Mission Statement / 1996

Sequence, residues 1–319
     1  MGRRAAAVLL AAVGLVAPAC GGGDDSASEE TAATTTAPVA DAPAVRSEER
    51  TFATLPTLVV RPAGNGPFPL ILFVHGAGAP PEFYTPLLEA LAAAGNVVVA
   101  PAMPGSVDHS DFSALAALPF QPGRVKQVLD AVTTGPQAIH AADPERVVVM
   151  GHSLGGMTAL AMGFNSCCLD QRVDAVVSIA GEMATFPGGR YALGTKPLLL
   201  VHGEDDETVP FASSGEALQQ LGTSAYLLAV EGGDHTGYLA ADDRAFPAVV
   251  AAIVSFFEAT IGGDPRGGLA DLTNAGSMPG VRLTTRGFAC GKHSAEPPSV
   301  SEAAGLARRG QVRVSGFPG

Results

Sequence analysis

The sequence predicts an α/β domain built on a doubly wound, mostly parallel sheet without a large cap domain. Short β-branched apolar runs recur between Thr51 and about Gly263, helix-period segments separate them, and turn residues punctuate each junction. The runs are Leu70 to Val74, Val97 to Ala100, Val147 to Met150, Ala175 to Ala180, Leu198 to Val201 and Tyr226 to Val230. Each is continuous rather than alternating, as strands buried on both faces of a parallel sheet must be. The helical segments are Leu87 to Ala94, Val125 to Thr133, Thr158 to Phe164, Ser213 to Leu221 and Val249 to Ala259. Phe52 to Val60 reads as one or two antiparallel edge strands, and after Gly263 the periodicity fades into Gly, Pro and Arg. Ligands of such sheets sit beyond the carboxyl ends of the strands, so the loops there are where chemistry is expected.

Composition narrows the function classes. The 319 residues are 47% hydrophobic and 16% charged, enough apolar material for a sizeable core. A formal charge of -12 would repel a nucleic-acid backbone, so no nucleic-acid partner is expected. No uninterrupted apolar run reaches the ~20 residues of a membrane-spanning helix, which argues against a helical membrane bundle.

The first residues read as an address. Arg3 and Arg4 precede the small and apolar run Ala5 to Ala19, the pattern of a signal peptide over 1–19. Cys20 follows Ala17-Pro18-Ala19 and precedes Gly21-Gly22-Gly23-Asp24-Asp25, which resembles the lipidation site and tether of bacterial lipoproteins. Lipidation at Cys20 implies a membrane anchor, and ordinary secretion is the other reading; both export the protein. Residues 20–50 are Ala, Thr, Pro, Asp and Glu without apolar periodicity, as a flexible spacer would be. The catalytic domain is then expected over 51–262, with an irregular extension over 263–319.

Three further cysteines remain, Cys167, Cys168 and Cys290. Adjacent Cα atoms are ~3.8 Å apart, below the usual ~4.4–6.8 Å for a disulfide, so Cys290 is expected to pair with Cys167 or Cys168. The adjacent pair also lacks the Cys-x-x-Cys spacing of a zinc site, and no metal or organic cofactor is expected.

The Norse Encampment will provide a unique educational resource within the larger framework of the L Anse aux Meadows National Historic Site. It will portray an ethnographical study of the Norse in North America, circa 1000 AD. Specifically, the reenactment will represent aspects of daily life as it would have been carried out at at the Vinland outpost and to provide insights into the larger framework in Norse culture in general. The presentation will be centred within the recreated turf buildings and adjacent compound. A number of reproduction artifacts will be introduced: cooking gear, tools, navigation equipment and household goods like beds and chests. The staff will be made up of costumed interpreters who will portray historic characters. Small scale physical demonstrations of domestic and craft skills will be undertaken throughout the day. The intent of this reenactment is to provide the public an opportunity learn in an interactive atmosphere about an early phase of Canadian History, i.e. the Norse presence in Eastern Canada. The Encampment will also provide an opportunity for research into technologies of this period, employing experimental archaeology, and present these to the general public. Critical evaluation by the Project Coordinator, Chief Guide, Staff Archaeologist and Interpretive Staff of the approaches and content, made on an ongoing basis, will provide guidance for future improvements and expansion.